The preceding chapters have demonstrated several ways that paleontological data has been used in ecological and conservation studies, and has indicated some fruitful directions that paleoecology could go in the future. In this chapter, I expand on some of these ideas, focusing particularly on the interaction between the taxonomic, temporal and spatial scales and proactive conservation strategies. I refer to both paleoecology sensu stricto, that is, the examination of ecological theory in deep time as well as the development of ecological theories from the paleontological record; and paleoecology sensu lato, that is, all ecological studies in deep time, conservation paleobiology and reconstructive paleoecology inclusive.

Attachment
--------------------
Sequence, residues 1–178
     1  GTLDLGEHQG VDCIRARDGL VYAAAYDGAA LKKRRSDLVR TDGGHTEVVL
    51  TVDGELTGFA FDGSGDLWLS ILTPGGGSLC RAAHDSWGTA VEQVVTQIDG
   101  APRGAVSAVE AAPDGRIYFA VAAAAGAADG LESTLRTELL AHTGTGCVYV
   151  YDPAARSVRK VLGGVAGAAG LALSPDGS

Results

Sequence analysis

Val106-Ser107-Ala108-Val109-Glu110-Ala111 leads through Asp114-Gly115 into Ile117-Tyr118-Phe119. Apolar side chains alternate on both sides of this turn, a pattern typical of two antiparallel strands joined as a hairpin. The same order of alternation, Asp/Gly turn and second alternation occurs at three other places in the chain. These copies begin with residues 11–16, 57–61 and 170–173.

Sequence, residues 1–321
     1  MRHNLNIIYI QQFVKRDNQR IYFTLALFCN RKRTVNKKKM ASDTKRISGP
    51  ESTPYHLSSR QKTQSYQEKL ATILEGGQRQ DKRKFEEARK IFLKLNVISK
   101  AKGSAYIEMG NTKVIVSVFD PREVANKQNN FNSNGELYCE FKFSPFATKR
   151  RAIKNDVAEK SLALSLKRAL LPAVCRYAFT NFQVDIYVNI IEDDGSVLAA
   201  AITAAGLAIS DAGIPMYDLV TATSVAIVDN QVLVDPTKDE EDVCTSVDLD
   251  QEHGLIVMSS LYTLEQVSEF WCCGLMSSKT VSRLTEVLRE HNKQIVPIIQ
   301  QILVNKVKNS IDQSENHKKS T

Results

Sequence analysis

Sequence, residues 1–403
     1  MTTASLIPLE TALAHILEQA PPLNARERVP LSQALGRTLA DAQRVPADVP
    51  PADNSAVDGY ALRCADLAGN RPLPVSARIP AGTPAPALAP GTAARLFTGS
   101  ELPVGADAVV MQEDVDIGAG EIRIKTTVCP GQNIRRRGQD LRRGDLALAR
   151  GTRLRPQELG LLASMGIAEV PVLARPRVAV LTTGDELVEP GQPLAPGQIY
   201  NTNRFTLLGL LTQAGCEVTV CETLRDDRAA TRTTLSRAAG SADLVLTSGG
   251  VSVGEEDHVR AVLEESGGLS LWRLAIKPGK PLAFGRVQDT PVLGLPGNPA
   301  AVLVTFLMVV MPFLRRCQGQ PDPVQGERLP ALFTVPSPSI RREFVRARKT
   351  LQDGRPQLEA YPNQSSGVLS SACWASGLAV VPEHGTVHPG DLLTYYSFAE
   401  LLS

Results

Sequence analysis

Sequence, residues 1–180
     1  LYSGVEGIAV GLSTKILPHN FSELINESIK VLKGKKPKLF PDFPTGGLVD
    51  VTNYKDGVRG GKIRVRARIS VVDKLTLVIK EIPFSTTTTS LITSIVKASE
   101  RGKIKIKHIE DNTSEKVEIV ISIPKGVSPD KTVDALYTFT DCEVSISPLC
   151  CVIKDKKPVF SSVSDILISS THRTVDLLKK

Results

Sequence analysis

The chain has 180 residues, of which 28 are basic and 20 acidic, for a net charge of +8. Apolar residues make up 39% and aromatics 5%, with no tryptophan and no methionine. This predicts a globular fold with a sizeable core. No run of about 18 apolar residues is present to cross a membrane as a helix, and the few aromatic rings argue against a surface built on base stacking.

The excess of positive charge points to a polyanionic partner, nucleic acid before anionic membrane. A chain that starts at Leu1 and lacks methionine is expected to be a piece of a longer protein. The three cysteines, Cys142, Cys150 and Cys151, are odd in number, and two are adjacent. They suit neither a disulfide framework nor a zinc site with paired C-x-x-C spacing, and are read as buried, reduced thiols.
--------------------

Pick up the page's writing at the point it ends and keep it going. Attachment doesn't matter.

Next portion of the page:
|Title of host publication||Paleontology in Ecology and Conservation|
|Place of Publication||Berlin|
|Publication status||Published - 2012|